History of Detroit Audubon

In Detroit in 1939 Evelyn Kelly (Mrs. George A Kelly), and Miss Grace Sharitt (later Mrs. Alymer Nelson) founded a new organization, Detroit Audubon Society* with the following “objects,” stated in our constitution:

  • To provide for members, both indoors and afield, the opportunity to become acquainted with birds and other forms of wildlife, to understand their life histories and to appreciate their economic and aesthetic values;
  • To encourage and assist in the establishment and preservation of natural sanctuaries for birds and other wildlife forms, to encourage all other land management, farm and conservation programs that seek to preserve a balanced wildlife population;
  • To promote better understanding among members and the public generally of the balance of nature and of the tragic waste that almost invariably follows when the principle of balance is ignored;
  • To establish and encourage the establishment of nature centers where all phases of wildlife study, land management and conservation may be offered to members and the general public.
  • To encourage members and others in the use of the arts, science and literature, to record the intellectual values and beauty to be found in nature;
  • To encourage the conservation of all natural resources and to cooperate with other organizations having similar purposes;
  • To establish or encourage and assist in the establishment of groups, associations and institutions dedicated to nature study and nature recreation and to give particular support to such groups dealing with youth.

In 2014, we celebrated 75 years of dedication and hard work by many volunteers to fulfill the mission those two visionary women described above in our constitution.

In the intervening years, Detroit Audubon has introduced thousands of people to the wonders of birds and the natural world as a whole, and helped those people develop a basic understanding of ecology through as many as 30 field trips each year, an Annual Conservation Conference or Symposium, Spring Campouts, a Junior Audubon Club, sporadic school and general public programs, and through the Detroit Audubon Nature Cabin at the Detroit Zoo, which was supervised by my father, Wilbur T. Bull. With the nature cabin, Detroit Audubon taught not about birds, but about native Michigan snakes, which children and adults got to hold as well. That exhibit led to the zoo deciding to build the Holden Museum of Living Reptiles. Before the advent of the ubiquitous nature documentaries on television, Detroit Audubon also opened people’s eyes to nature around the world through its live narrated Audubon Wildlife films at the Rackham Auditorium (across the street from the Detroit Institute of Arts).   We have promoted citizen-science with our two Christmas Bird Counts: The Detroit Audubon Count in Oakland County, and the newer Rockwood Count in the Downriver area.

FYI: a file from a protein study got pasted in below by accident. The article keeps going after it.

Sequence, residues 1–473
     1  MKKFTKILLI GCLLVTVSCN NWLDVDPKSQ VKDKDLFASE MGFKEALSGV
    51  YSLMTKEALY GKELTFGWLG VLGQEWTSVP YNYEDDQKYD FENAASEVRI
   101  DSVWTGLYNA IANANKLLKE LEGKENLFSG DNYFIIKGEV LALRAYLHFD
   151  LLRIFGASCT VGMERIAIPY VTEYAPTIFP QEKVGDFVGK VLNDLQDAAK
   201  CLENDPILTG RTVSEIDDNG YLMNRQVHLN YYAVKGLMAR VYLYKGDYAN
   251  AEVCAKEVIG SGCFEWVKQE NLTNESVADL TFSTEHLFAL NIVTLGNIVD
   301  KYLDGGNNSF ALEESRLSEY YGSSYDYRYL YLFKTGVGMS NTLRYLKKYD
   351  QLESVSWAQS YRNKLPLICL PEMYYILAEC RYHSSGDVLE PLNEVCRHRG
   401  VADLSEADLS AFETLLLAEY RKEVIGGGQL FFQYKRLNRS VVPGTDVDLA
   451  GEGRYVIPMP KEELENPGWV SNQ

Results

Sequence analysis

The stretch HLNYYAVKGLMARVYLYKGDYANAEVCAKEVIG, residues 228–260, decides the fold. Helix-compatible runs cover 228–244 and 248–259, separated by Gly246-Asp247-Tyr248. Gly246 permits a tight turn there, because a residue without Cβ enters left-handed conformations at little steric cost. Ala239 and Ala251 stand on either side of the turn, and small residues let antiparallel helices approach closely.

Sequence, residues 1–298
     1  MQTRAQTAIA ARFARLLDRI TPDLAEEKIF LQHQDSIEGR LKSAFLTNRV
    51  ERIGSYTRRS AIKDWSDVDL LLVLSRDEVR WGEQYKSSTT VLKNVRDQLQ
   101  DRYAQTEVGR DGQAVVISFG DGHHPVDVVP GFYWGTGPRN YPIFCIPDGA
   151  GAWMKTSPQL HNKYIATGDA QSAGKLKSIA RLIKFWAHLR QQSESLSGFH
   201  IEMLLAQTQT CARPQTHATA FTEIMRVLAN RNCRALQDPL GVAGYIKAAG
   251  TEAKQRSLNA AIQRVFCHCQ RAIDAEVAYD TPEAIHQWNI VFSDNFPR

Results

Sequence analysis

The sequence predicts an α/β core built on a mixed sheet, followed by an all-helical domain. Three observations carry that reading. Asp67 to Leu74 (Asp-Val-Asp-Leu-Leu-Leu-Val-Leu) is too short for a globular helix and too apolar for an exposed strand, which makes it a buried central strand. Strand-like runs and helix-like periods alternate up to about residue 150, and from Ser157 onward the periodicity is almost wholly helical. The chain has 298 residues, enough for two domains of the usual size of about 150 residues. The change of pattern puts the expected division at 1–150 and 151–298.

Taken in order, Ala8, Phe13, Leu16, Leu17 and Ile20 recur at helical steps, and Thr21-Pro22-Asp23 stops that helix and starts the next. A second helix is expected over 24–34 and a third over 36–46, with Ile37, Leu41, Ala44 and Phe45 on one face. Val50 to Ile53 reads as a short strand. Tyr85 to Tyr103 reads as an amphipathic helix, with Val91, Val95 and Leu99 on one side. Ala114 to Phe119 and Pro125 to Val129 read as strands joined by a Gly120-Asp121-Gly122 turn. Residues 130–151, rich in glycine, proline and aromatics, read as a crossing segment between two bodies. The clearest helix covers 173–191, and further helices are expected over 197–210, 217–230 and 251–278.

On the conservation/ policy front Detroit Audubon has helped preserve thousands of acres of habitat for native species including creating our St. Clair Woods Nature Sanctuary. Along with Michigan and Pontiac Audubon Societies, Detroit Audubon helped create the first Kirtland’s Warbler Management Area in the Huron National Forest. We went to bat to keep Common Tern habitat on Belle Isle, and along with the Sierra Club fought the Detroit Incinerator for almost two decades. Along with the Michigan United Conservation Clubs and the Michigan Federated Garden Clubs, Detroit Audubon was a key leader on the citizen –initiated referendum known as the “bottle bill,” making Michigan one of the first states in the country to establish a deposit on soft drink and beer containers. You may be surprised to know that we were in the forefront of the campaign that led to the certification of “Dolphin-Safe” Tuna. One of our board members still has a “Boycott Tuna” bumper sticker produced by Detroit Audubon. We also had stickers to fit on empty tuna cans to send to congressional representatives. Other environmental groups picked up on that idea, purchased quantities from us or made their own. We also helped save Point Rosa Marsh at Lake St. Clair Metropark from development. In more recent years we were in the forefront of the fight to save Humbug Marsh and create the Detroit International Wildlife Refuge. One of our signature programs of late is Safe Passage, which has elicited pledges from many tall building owners to shut off their lights at night during spring and fall migration to protect migratory birds. Another recent involvement is our partnership with National Audubon, Michigan Audubon, and the Kalamazoo Nature Center in Michigan’s Important Bird Area (IBA) program, including a project to monitor and help black terns on Harsen’s Island, which seem to be on a steep decline in population.

*We dropped the “Society” as part of our name in 2013.